In 2007, Alberta became the first North American jurisdiction to put a price on carbon - demonstrating that it could be a leader in the effort to reduce greenhouse gas emissions. Unfortunately, that emissions policy was more symbolism than a meaningful reduction in greenhouse gas emissions.
Last Sunday, the NDP released its plan - a carbon tax and a cap on oil sands emissions. But some details have yet to be revealed. In looking ahead to the next iteration of Alberta's climate change strategy — and the regulations that will support it — one would hope the province's future emissions-reduction targets and regulations are better aligned.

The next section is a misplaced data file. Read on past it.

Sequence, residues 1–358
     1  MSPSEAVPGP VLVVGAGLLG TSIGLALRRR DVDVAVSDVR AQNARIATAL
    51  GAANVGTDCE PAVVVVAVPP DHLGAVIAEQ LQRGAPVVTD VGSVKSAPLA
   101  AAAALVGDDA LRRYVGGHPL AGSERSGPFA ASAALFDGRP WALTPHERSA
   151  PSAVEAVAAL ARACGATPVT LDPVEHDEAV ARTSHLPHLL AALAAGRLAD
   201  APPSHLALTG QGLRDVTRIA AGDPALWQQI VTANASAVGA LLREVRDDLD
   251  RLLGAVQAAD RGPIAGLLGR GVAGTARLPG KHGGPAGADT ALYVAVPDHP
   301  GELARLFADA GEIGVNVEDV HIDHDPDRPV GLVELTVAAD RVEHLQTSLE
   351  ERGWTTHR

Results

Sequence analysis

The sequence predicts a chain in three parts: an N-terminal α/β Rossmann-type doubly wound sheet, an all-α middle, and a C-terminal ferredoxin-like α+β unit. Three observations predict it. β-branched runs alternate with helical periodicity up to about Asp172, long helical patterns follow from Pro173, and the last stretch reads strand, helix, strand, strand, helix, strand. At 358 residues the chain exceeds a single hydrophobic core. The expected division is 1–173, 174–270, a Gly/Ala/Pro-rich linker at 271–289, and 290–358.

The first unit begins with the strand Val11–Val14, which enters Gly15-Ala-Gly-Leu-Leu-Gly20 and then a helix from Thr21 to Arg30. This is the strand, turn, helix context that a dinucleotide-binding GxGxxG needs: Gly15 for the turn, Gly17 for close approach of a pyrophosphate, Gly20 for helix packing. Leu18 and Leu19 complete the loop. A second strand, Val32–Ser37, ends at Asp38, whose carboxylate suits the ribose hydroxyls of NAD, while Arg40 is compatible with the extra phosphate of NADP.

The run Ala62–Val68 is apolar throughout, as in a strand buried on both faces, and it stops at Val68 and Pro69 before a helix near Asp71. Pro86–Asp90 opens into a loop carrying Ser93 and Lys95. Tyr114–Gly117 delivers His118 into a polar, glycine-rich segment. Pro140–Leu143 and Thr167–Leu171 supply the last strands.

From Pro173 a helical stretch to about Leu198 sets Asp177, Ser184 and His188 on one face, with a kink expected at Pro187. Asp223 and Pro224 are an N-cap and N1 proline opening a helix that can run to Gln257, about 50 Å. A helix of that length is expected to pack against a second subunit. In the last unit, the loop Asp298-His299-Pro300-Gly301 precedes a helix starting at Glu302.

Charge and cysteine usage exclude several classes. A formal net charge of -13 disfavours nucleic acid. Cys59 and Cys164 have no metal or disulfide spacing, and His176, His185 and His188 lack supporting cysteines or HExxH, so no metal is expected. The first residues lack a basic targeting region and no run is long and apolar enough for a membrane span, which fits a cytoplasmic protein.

The University of Calgary School of Public Policy, with authors Sarah Dobson and Jennifer Winter, has released an eye-opening report with strong recommendations for the Alberta government on how to set up the tax and add insight to the debate.
According to Dobson, "Our recommendation is a carbon tax, applied to all energy-based emissions (those that fall under the "energy" category for UNFCC reporting) in the province along with a revenue-recycling guarantee to minimize any negative impacts on households, firms and the province's economy as a whole. One of the benefits of the carbon tax, both to start and over time, is that its value can be tailored to support the province's reduction target."
The authors have priced the impact of carbon taxation. For a $20 per tonne tax, the cost would be 0.9 per cent of gross output (or 1.7 per cent at $40 a tonne). As in B.C., the proceeds should be recycled in the form of reduced corporate income taxes, personal taxes, and subsidies to low income households, to offset the extra burden and distortions a carbon tax would create.